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home. secondarily is our own k through 12 stem systems are faltering and we have to get that turned around. third point i would like to point out is that the stakes in the next round, the next 50 years, are even higher than they were for the last 50 years. leadership in nanoelectronics will impact many aspects of our economy. health care, energy, transportation, safety, security and many more. china and korea understand that the country that leads in nanoelectronics will reap the economic benefits the way the u.s. has dominated the last 50 years with the microelectronics. fourth point, i think there are four areas that changes in policies need to be focused to change the outcome. first is federal funding and basic research. even in tough economic times, we must protect the investments in the future.
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second, is we must make a priority for world class stem education, that's k-12 in the u.s. this needs to be a national imperative implemented on a local basis. three, high-school immigration reform. i appreciate the leadership that, mr. chairman, you have shown, ms. lofgren, on the issues and we look forward to hopefully a resolution. and fourth is comprehensive tax reform for u.s. companies to be able to compete globally. the world has changed considerably since 1986, the last time taxes were considerably reformed. we must have an environment where u.s. headquartered companies can compete effectively on a global basis because that's where 95% of the world's population is. so my conclusion, investing in basic research at our universities has been critical to america's success over the past 50 years. and i believe it will be more important going forward. and i'm certainly happen to --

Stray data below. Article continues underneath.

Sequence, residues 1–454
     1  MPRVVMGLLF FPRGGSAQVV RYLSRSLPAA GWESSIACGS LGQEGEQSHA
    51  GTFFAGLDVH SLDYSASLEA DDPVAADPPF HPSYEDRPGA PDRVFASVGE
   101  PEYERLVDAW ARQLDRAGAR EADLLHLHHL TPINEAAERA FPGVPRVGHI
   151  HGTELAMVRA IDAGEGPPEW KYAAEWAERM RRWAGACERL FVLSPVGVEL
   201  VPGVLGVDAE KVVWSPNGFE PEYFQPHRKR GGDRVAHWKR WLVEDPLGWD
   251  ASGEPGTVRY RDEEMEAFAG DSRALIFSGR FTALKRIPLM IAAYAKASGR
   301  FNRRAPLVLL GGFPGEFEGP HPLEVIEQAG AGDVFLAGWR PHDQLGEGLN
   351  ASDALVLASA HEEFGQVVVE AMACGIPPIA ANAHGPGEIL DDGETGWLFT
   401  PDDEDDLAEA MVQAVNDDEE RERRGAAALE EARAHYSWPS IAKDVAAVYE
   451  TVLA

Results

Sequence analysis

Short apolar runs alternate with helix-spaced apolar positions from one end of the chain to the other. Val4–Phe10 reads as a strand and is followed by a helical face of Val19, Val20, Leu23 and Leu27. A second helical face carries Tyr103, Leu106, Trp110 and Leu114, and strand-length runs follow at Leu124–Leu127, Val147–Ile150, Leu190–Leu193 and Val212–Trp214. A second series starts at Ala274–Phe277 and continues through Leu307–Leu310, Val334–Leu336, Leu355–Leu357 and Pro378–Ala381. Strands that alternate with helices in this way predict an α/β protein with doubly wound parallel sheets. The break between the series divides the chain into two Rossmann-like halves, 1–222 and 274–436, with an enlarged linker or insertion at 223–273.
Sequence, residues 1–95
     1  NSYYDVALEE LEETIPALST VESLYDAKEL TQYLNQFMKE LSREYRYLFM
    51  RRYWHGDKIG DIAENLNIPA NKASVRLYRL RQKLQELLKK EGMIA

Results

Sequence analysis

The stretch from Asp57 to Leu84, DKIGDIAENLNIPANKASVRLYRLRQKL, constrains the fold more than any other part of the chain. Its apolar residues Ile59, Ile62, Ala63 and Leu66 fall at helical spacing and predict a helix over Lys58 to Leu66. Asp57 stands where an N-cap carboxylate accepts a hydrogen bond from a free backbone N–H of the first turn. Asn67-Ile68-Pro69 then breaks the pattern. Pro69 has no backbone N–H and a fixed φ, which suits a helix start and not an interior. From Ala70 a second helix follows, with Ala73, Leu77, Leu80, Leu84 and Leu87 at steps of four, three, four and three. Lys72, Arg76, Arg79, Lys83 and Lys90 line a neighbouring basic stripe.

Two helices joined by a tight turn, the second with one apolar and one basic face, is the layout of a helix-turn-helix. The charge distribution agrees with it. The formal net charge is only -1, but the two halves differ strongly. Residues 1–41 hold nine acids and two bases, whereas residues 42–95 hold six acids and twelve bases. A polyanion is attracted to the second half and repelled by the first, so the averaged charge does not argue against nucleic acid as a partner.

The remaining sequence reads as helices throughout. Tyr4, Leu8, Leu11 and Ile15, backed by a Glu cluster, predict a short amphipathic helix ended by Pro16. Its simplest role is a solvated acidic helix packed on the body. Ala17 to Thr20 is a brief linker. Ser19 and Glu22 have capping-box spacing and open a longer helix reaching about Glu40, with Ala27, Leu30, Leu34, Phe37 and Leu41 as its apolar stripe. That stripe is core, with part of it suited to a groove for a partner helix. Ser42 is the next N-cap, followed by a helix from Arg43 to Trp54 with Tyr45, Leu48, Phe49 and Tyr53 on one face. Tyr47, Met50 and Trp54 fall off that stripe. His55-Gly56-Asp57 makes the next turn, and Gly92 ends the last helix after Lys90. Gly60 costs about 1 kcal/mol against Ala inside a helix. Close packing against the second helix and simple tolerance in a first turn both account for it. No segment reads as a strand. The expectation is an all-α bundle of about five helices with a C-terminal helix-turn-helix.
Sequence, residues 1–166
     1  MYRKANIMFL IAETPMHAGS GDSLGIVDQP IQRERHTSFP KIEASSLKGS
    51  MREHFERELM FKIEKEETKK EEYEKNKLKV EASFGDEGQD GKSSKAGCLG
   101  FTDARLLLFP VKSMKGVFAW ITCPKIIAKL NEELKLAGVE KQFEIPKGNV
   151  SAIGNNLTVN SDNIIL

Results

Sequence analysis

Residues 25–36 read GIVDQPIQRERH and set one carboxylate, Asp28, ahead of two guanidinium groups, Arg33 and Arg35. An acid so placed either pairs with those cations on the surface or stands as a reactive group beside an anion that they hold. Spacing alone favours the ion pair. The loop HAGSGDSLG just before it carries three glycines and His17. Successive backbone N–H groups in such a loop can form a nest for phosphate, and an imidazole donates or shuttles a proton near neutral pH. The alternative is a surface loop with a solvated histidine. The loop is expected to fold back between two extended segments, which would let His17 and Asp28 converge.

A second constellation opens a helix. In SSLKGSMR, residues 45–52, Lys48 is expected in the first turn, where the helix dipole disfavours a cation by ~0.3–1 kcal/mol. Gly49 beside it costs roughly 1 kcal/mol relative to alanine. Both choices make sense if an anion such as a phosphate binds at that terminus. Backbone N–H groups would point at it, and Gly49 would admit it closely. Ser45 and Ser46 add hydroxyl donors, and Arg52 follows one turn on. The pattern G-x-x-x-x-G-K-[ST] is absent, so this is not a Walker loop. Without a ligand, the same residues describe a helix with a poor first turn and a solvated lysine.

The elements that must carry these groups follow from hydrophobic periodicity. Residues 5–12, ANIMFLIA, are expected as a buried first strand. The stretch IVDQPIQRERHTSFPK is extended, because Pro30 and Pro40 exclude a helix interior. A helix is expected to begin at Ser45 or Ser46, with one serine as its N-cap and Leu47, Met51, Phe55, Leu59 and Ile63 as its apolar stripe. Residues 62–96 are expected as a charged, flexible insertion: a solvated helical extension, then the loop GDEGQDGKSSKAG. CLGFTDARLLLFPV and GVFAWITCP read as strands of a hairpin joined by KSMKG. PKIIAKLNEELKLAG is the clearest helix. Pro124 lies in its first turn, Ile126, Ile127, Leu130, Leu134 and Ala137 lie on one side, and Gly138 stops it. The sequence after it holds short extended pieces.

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happy to answer any questions. >> thank you. dr. jackson. >> chairman smith, ranking member johnson, distinguished members of the committee, thank you for the opportunity to testify before you on america's competitiveness, the role of research and development. i have to say that our graduates have been an integral part of america's promise through discovery and innovation since the university was founded in 1824. more importantly, america's health, prosperity, security and global leadership depend upon our strength, as you have heard in science and technology. our investments in scientific research and education have made a difference in people's lives. let me illustrate. "the new york times" reported that in october, 2004, in afghanistan, a mortar severely injured a u.s. marine corporal, isiah hernandez. he's an example of so many of our wounded warriors.